Tragedy highlights ‘kill’ trap danger
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Hey there, time traveller!
This article was published 03/02/2021 (673 days ago), so information in it may no longer be current.
It took 30 long minutes for Ruby the dog to die, as her neck was crushed in the grips of a metal conibear trap. Her owner, Cathy Gagnon, could do nothing but futilely struggle to remove the trap, watching her companion gasp for air and slowly die. The incident happened just north of Winnipeg last month, as Gagnon and Ruby were enjoying a winter walk.
In a letter to the editor published by the Winnipeg Free Press on Jan. 26, Gagnon described her awful ordeal. Winnipegger Robyn Rypp asked in a subsequent letter, “What on earth could this ‘monster’ be trapping so close to a city? Are there not laws to protect domestic pets from this fate?”
The trap was reportedly set by a local farmer, to protect his property from coyotes. Conibear traps are legal in Manitoba, even within city limits. Animal advocates are calling for that to change.
The conibear is a steel, spring-loaded, body-gripping trap that is meant to break the neck and strangle a captured animal. “They are landmines, waiting to devastate animals who get too near,” says Lesley Fox, with wildlife advocacy group The Fur-Bearers. Though touted as “instant kill” traps, and often promoted as more humane than leg-hold or snare traps, Fox says “as is documented in this case and many others, this isn’t the reality.”
And because they are classified as kill-traps, there are no regulations for licensed trappers regarding when they must return to check the traps. “So animals suffer for extended periods of time,” she says. Just like Ruby.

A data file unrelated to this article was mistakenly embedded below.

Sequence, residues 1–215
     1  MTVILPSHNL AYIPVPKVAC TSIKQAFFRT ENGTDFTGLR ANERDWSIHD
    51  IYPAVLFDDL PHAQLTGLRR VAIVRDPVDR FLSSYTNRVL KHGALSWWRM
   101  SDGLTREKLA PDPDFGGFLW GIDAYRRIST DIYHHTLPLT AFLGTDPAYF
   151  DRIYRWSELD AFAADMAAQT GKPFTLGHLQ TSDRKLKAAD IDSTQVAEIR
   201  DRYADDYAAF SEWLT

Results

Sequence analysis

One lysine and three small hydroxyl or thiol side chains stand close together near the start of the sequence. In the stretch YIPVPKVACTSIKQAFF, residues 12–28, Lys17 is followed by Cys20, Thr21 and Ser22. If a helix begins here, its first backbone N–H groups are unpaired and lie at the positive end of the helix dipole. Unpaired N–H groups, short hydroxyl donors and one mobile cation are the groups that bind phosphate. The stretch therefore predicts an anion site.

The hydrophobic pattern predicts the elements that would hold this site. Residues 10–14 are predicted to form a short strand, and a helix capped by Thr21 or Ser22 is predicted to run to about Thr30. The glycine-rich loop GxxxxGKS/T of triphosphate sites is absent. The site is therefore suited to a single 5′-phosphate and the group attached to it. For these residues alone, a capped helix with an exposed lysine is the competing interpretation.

“When used by property owners like the person who set the trap that killed Ruby, no licence is needed in Manitoba,” explains Kaitlyn Mitchell, a Winnipeg-based animal rights lawyer with Animal Justice, “and the province merely requires that the trap be checked every 24 hours.” But with no licensing requirements for property owners, Mitchell explains that authorities “are generally in the dark about who is using these traps and where, making it difficult to enforce the 24-hour checking requirement.”
When used by licensed trappers, she adds, “enforcement is also a challenge, given that trapping generally takes place across vast areas of wilderness.”
Both the Fur-Bearers and Animal Justice are calling for the province of Manitoba to finally outlaw all body-gripping traps, including the conibear. The Winnipeg Humane Society has also deemed the trap cruel and inhumane. “Traps do not discriminate,” the society said in a statement. “Dogs, children and non-target wildlife all run risk of being caught and slowly killed by these traps.”
The society also stated via email that its board of directors is “in discussions as to how we can take next steps to make these traps illegal in Manitoba.”
On its website, The Fur Bearers list dozens of incidences across Canada over the last decade of pets being caught in wildlife traps, including Pippen, another dog killed in a conibear trap in Manitoba in 2012.
Last August, a man got his foot caught in a conibear trap while hiking in southeastern Manitoba. Conservation and Climate had issued a wild-animal kill permit for “problem” beavers. The WHS published blogs asking for officials to stop killing ecologically important beavers, and offered alternative and proactive measures for dealing with wildlife.
“Landowners are encouraged to learn how to coexist with native wildlife,” says Fox, adding that The Fur-Bearers can offer assistance with this. “Many resources exist on how to predator-proof farmed animals and property.”
While the tragic story of Ruby the dog has tugged at the hearts of many Manitobans, let us also consider the many other animals for which these traps are actually set: the beavers, coyotes, raccoons, muskrats and other wildlife that are threatened with a slow, inhumane death that no creature deserves.
“There are plenty of ways to reduce human-wildlife conflict,” says Mitchell, “without resorting to the use of cruel and indiscriminate traps.”
Jessica Scott-Reid is a Winnipeg-based writer and animal-rights advocate.